A startup's seaworthy plan

When Fortune Small Business checked back in with a 2006 student-run startup, we found a company holding steady and landing major clients like Smith & Wesson.

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betz_lobsinger.03.jpg
Betz (left) and Lobsinger stay afloat.

(Fortune Small Business) -- Float Tech, a Troy, N.Y., firm that makes boating outerwear with zip-in inflatable life-jacket linings, began in 2003 as an MBA project at Rensselaer Polytechnic Institute.

When Fortune Small Business met team members Cecilia Domingos, CEO; Jeffrey Betz, COO; and Michael Lobsinger, CTO (see "Stylish and slim life jackets?," March 2006), they had just won Coast Guard approval, an important quality-assurance mark, for their product. Float Tech sold about $500,000 worth of gear in 2006, mostly to marine-equipment retailers.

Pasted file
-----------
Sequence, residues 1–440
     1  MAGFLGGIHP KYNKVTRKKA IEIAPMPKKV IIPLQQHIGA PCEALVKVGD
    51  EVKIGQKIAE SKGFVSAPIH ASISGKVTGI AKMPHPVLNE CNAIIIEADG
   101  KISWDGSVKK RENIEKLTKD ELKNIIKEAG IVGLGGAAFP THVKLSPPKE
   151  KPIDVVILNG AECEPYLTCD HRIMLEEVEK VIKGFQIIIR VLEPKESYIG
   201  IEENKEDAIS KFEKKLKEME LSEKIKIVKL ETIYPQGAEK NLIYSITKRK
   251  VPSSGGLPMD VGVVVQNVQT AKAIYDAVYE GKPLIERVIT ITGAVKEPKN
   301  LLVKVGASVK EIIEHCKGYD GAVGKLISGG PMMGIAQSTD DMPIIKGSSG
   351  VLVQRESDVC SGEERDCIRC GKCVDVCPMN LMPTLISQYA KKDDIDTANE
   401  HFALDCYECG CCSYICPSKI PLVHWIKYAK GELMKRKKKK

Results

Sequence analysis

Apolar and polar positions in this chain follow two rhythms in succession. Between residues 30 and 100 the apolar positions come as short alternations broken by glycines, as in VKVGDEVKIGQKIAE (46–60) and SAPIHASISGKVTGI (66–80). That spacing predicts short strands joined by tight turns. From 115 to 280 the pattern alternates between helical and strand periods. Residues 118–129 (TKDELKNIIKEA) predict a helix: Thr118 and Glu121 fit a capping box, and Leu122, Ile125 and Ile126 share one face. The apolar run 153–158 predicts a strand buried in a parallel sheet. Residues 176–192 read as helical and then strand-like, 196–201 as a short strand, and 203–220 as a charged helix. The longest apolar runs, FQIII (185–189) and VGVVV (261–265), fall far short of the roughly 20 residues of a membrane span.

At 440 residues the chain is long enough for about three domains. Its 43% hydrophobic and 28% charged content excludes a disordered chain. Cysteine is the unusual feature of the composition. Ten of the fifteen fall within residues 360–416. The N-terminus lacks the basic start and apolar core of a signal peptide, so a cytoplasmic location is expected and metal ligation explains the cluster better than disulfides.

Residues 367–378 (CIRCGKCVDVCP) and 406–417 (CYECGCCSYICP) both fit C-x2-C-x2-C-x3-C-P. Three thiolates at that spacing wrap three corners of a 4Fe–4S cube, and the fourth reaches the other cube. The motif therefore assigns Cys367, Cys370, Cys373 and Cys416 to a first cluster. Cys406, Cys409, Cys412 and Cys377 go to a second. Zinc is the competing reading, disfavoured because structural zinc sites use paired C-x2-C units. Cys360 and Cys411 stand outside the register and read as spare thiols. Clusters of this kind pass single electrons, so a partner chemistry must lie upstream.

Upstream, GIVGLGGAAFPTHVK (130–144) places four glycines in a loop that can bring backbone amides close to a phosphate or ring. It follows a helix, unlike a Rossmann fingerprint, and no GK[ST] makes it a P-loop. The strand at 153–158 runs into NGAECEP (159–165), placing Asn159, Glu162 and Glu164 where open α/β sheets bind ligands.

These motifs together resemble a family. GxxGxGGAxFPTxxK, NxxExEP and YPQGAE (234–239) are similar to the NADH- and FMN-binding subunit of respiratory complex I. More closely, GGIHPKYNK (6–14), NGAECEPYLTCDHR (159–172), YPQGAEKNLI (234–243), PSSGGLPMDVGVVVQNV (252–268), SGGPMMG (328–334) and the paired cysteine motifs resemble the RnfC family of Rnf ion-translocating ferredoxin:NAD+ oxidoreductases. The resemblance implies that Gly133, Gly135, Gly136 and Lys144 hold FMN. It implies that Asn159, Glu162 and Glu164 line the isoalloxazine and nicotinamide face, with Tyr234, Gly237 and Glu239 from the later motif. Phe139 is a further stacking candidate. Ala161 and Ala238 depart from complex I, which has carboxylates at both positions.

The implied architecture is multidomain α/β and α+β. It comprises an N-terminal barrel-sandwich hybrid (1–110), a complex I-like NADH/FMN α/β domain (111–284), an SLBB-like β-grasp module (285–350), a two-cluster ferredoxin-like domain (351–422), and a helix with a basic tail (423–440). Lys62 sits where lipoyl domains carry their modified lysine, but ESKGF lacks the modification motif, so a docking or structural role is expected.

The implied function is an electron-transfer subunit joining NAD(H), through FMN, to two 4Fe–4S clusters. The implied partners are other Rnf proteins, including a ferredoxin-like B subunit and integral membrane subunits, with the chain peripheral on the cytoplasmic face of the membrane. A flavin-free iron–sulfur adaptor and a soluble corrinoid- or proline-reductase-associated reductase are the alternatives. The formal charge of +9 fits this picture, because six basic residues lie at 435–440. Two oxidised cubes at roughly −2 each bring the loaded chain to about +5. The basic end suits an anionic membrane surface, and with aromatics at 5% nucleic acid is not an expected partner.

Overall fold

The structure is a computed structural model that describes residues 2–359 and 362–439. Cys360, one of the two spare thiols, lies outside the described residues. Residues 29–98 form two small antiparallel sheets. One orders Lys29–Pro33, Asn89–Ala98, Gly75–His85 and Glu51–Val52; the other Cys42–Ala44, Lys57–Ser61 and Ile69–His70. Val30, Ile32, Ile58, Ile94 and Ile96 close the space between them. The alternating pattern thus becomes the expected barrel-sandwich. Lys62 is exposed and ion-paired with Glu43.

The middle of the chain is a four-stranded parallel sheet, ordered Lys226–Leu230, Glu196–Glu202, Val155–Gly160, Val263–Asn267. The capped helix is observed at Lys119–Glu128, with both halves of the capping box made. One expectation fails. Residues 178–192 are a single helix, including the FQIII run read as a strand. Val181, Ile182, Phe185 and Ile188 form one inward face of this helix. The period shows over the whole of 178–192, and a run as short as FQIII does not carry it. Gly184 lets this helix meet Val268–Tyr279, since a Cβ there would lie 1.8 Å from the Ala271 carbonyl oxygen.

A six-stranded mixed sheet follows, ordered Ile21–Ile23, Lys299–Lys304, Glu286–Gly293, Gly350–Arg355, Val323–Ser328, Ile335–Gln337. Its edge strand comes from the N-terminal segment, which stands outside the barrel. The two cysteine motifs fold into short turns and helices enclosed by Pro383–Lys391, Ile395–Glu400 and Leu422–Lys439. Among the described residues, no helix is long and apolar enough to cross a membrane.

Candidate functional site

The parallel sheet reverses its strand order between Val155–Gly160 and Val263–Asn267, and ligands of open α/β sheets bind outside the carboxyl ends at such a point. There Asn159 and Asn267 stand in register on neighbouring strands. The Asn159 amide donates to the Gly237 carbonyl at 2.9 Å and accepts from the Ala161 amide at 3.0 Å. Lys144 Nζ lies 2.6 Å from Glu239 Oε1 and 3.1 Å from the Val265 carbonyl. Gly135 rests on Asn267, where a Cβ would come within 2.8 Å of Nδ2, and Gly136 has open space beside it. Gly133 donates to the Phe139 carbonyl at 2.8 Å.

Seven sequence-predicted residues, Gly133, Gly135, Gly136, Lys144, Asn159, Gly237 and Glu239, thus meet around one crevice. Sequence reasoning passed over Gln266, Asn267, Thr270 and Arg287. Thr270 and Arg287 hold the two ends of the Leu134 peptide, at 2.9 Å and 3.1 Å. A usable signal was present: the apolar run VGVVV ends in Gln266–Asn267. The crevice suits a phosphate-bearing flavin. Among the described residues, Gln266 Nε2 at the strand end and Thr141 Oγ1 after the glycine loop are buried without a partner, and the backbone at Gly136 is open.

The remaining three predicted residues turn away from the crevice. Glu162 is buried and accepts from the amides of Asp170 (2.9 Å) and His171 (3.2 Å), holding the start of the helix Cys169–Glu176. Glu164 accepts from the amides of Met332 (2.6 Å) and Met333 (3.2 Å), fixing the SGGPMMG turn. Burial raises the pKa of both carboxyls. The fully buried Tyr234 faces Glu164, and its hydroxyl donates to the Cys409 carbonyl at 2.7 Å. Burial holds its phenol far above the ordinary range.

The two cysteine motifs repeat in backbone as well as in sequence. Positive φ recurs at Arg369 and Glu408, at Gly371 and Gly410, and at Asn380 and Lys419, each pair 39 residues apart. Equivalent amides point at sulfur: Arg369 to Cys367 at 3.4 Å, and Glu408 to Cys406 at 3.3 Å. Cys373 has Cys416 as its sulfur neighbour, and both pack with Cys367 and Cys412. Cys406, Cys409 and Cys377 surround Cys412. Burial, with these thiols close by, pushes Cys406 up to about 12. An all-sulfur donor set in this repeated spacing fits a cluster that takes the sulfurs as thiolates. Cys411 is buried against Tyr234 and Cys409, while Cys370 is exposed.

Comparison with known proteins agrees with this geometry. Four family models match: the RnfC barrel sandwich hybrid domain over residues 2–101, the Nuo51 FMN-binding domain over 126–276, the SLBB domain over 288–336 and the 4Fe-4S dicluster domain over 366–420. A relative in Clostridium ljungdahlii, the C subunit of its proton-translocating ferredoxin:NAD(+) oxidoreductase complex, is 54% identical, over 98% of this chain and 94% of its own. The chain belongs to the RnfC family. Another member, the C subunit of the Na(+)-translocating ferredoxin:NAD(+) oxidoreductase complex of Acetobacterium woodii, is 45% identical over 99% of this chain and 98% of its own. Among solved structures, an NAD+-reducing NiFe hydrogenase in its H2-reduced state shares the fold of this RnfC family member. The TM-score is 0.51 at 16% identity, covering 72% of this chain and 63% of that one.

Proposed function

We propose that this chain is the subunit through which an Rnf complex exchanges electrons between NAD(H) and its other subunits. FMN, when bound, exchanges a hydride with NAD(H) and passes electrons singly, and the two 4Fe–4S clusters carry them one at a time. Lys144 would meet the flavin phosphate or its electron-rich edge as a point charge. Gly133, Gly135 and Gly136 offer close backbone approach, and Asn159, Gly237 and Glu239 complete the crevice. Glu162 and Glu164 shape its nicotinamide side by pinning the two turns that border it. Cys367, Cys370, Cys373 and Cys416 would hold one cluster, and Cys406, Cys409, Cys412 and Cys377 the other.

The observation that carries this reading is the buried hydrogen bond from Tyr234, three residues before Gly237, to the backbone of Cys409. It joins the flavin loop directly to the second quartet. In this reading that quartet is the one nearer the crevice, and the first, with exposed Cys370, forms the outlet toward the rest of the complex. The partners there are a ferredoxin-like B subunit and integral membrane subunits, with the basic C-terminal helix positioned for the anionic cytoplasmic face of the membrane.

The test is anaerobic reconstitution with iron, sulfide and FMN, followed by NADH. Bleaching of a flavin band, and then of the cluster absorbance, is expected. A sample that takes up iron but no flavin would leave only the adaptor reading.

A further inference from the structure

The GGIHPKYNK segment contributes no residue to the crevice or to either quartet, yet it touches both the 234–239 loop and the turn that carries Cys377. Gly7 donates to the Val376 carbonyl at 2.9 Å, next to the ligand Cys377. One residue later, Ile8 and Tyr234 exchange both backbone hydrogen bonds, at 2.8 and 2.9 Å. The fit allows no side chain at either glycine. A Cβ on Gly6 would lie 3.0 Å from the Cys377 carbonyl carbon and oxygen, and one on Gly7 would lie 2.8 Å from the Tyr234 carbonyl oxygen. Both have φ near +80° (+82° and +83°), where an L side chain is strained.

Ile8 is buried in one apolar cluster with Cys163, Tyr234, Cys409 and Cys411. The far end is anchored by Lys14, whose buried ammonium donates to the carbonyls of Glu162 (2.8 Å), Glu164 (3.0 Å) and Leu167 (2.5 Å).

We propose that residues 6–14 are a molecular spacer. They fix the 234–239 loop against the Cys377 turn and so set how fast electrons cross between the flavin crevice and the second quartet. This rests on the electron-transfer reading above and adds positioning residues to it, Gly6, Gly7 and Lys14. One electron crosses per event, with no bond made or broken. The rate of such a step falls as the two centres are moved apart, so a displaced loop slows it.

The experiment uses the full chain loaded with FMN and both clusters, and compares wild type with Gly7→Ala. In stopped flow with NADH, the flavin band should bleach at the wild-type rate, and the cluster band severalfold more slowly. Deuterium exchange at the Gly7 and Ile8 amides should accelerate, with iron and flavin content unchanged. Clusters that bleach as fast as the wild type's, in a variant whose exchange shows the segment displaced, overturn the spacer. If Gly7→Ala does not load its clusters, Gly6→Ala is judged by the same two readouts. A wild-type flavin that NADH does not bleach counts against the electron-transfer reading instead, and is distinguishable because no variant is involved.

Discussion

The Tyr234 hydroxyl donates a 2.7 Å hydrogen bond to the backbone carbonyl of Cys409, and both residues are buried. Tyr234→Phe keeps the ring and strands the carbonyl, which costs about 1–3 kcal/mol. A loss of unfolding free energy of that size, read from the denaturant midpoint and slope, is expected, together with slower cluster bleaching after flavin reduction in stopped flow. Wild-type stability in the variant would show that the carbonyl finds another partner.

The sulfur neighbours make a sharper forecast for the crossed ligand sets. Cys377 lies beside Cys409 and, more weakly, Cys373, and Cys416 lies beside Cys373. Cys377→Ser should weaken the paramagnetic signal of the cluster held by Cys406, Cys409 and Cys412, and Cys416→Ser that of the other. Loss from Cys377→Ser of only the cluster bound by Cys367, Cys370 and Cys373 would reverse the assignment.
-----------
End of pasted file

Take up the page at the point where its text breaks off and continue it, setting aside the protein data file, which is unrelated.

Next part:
Once Float Tech's patent came through in July 2006, the firm charted a new course. Domingos left to move with her family, and Betz and Lobsinger hired a veteran CEO to replace her: local entrepreneur Judith Wheeler.

"We're a class-project-turned-company, so we needed someone like Judith with 30 years of retail experience," says Betz, 34.

Float Tech now focuses on licensing its products to larger apparel brands and landing commercial accounts such as Smith & Wesson (SWHC) (which sells branded Float Tech jackets to hunters and fishers). Revenues were flat at about $500,000 last year. But the firm expects that to change as it enters into new and profitable licensing deals. To top of page

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